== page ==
Abundant IL23 p19 mRNA expression in RA synovial tissues
To investigate whether IL23 might play a role in the pathogenesis of RA we analysed the presence and distribution of the IL23 subunit p19 in the rheumatoid joint. Expression of p19 was assessed by in situ hybridisation with an anti-p19 mRNA probe using paraffin embedded RA synovial tissue sections (n = 5). We observed p19 mRNA positive cells throughout the synovium. The most marked expression of p19 mRNA was found in the synovial lining layer as well as at sites of invasion into cartilage (fig 1A,C). Control sections hybridised with sense- p19 mRNA probe showed no signal (fig 1B,D). Furthermore, double staining with cell type specific markers revealed that p19 positive cells expressed the fibroblast marker vimentin or the macrophage marker CD68 (fig 1E,F), documenting strong p19 mRNA expression by RA synoviocytes.
Differential p19 and p40 protein expression in RA and OA synovial tissues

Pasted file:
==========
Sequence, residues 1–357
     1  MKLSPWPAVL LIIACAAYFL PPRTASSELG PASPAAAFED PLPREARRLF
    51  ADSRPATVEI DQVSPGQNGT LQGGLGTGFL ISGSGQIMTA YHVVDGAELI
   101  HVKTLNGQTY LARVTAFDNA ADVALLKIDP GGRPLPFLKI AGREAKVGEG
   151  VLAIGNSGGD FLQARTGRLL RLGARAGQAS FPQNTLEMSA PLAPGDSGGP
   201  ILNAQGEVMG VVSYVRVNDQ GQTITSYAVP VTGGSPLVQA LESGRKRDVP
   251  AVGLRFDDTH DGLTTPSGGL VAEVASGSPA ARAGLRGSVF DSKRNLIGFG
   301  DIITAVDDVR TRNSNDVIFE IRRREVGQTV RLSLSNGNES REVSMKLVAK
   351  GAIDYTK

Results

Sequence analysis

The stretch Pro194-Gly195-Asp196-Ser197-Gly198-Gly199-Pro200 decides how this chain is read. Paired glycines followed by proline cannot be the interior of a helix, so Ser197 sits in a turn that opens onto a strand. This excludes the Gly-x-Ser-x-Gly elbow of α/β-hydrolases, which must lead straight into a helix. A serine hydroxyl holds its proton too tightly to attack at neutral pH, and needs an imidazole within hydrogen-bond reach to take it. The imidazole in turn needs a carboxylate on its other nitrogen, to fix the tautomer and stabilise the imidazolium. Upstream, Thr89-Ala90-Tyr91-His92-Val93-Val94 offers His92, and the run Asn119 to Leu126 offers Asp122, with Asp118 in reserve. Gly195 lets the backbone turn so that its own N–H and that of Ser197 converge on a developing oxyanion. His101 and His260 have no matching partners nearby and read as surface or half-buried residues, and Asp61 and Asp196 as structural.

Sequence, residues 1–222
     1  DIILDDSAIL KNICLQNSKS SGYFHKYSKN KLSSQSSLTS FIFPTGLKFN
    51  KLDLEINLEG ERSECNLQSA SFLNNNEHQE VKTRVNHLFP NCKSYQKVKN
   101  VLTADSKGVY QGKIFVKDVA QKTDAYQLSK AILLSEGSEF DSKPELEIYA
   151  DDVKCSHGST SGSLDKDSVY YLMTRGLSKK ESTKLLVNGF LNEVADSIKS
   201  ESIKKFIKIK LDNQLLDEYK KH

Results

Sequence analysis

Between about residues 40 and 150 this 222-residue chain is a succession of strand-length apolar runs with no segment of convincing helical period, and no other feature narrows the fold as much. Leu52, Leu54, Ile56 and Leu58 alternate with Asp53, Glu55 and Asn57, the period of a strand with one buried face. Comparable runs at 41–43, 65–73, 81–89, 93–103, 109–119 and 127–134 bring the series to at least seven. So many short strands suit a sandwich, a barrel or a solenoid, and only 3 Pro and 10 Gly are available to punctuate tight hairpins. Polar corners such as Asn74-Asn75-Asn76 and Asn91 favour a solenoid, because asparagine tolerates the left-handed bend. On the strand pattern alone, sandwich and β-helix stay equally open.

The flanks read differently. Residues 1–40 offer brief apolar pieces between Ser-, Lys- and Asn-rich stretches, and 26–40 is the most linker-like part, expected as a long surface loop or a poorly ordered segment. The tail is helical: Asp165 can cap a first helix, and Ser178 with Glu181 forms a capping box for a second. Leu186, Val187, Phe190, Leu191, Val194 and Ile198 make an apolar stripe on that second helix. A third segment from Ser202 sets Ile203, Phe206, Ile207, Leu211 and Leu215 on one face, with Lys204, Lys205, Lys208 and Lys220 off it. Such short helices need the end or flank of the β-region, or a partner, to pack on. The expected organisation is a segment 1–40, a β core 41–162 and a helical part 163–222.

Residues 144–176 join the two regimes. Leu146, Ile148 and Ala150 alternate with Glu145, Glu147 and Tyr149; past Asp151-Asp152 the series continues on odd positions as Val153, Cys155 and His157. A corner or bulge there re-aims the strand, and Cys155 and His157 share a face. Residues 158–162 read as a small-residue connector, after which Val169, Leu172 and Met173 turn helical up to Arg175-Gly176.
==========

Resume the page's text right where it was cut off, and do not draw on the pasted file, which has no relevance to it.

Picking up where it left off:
IL23 is a heterodimer consisting of the p19 and the p40 subunit, the latter being shared with IL12. In order to examine whether p19 protein expression colocalises with p40 protein expression we performed immunohistochemical analysis for p19 and p40 on consecutive RA synovial tissue sections (n = 9). In RA synovial tissues p19 protein was abundantly expressed and the distribution corresponded to the presence of p19 mRNA as detected by in situ hybridisation (fig 2A). In contrast to the broad expression of the p19 subunit, p40 protein expression was found to be restricted to a few cell clusters scattered in the synovium (fig 2B). These results revealed that most p19 expressing synoviocytes do not coexpress the p40 subunit. Control sections incubated with matched isotype antibodies showed no signal (fig 2C,F). In addition we analysed the expression of p19 and p40 in synovial tissues derived from patients with OA. Subunits p19 and p40 were both not, or very weakly, expressed in OA synovial tissues (n = 8) (fig 2D,E). Thus, the subunits p19 and p40 might be implicated in the pathogenesis of RA but not OA.